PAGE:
Brian: (Goes back to question from before). Because my beers….I don’t like to rush my beers. I’m doing an ale and I like to lager an ale so that it comes out how it should be. I don’t like to push my ales for 7 days to get it out there. I like to give my beers an extra week, an extra 2 weeks, so that they’re that much better.
Scott: How would you describe your own Octoberfest, if you were gonna talk about the taste. How would you describe the taste of your Octoberfest? The aroma? The mouth feel?
Brian: Fall time.
Scott: Fall time.
Brian: Very earthy. It starts smooth but it finishes very…after you take a sip it finishes very earthy, very true.
Scott: We were actually discussing earlier saying that we felt it had an earthy tone to it.
Brian: Yeah. Thats what I was going for. So, I’m glad you guys picked that up. (laughter). Shit yeah.
Chris: I’m glad I got what you were aming for.
Scott: You did. He was the one that said earthy.
Brian: Yeah. Its real light, it goes down smooth, then you’re like wow, let me get another taste of that. Thats the bomb.
Brian: Thats what I’m trying to do for my beers you know? You give them that extra little bit of time. Give it that extra week or 2 in cold and it just comes out like, bam. You can’t deny it.
Scott: If there was one beer so far that you’ve brewed for Burley Oak that has made you most proud as a brewer, what beer would that be? The one that when you tapped it you were like, “ooh thats money.”?
Brian: Nope. None.
Scott: None. You’re equally as proud of all the beers.
Brian: Yeah. Absolutely. However they’re all equally still in the works. (laughter). They’ll always be evolving you know?
Brian: They’ll all still gonna be evolving. You know, I can put out a beer and not be stoked about it but everyone else is. But to me I just kinda, I’m gonna throw in my 2 cents here and tweak it a little bit. So, its a fun ride, you know?
Chris: There’s always room for improvement?
Brian: Always. You know, you don’t get a recipe and say “Thats it”. You get a recipe and say how can I improve this? How can I tweak it? How can I make this different? Maybe I’ll try hopping, maybe i’ll a little of this in, a little of that in. A handful of…you know? Thats what brewing is, at a pub level. You go to Evo…they make great beer. They do. They make kick ass beer. Cask conditioned. Barrel aging. They are putting out some insane beers. But, I’d say 90% of that brewing is factory stuff. You know, they have to produce to supply the man. Which is tough. And on my end, I can brew a batch today, and not like it and brew that batch to begin next week and tweak it.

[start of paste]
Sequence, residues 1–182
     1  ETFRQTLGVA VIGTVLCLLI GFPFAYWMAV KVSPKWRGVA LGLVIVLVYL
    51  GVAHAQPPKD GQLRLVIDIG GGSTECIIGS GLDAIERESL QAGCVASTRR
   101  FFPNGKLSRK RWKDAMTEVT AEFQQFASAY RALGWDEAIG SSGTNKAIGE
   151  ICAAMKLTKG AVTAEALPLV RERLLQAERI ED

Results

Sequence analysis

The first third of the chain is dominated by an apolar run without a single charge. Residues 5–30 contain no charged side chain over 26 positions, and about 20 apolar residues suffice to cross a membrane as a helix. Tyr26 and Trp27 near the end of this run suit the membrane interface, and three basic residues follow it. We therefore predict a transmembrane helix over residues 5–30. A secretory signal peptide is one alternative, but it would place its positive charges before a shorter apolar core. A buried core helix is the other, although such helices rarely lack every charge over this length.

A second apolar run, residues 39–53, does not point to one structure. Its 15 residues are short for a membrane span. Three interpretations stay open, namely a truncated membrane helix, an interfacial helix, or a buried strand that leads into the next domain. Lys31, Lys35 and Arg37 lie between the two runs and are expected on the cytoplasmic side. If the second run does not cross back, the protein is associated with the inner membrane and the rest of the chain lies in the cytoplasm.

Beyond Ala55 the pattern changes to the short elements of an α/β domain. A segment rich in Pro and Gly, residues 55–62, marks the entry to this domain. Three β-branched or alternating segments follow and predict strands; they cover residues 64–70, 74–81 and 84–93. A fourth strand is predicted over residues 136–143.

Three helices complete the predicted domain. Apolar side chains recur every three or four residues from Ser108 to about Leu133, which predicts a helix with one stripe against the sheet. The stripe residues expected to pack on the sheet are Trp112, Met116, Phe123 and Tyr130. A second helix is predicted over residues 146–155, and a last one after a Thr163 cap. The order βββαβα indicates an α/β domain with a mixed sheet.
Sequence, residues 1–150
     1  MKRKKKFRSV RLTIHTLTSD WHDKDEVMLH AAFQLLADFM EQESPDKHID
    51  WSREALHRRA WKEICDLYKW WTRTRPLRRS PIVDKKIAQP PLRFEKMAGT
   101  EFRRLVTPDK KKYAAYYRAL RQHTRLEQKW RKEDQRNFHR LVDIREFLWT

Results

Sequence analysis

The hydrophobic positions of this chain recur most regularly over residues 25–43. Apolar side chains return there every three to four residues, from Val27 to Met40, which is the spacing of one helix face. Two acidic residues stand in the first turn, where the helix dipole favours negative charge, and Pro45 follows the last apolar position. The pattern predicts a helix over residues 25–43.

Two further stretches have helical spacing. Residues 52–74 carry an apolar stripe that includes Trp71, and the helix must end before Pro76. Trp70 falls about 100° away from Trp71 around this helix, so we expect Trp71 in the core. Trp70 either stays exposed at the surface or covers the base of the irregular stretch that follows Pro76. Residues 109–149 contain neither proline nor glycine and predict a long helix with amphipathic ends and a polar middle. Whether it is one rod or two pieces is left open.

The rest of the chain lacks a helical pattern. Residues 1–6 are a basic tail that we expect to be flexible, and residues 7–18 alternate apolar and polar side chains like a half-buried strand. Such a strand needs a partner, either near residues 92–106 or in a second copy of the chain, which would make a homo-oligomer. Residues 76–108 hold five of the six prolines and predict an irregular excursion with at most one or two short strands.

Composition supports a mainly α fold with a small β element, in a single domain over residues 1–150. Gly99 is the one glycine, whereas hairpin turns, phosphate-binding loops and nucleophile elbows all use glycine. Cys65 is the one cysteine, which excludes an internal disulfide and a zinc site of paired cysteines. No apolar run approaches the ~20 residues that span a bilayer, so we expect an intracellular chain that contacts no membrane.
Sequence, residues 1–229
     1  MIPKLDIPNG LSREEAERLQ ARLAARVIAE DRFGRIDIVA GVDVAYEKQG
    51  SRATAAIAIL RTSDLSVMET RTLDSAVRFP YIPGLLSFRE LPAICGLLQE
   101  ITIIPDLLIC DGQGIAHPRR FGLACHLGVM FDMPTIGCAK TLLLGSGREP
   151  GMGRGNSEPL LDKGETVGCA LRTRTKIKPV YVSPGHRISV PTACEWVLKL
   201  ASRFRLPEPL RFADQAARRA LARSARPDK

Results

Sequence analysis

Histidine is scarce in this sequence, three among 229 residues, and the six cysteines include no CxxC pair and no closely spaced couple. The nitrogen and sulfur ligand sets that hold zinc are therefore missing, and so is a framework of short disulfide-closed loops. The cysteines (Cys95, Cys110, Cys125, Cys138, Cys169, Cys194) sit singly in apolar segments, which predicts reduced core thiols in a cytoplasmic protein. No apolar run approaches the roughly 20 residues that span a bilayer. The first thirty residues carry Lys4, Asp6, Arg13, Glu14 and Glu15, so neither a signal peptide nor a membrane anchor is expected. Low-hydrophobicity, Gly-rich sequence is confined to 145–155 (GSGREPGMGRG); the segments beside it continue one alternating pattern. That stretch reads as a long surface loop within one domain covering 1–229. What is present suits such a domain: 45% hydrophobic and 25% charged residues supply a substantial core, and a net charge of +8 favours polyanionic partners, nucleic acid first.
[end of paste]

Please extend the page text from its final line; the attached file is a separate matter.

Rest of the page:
Scott: When you lived in San Diego what was your favorite craft beer to drink that you weren’t involved in the process to drink of the brewing?
Brian: I’d say Stone’s Arrogant Bastard.
Scott: (laughter). Thats a great beer.
Brian: They do a Double Arrogant Bastard, they do a…..but Arrogant Bastard wasn’t…I hate it, i drank it to get drunk to begin with. And then I started brewing and learned what went into beers and figured out…and I couldn’t figure out how they produced such a, such a huge beer, so nicely. And thats what I’m trying to do here, is make big beers. Just like, big heavy beers so good, you know? My next 3 beers are over 8% and they’re gonna be the bomb. (laughter). So sick. I don’t know if everyone else is gonna like it but I’m gonna be stoked on them.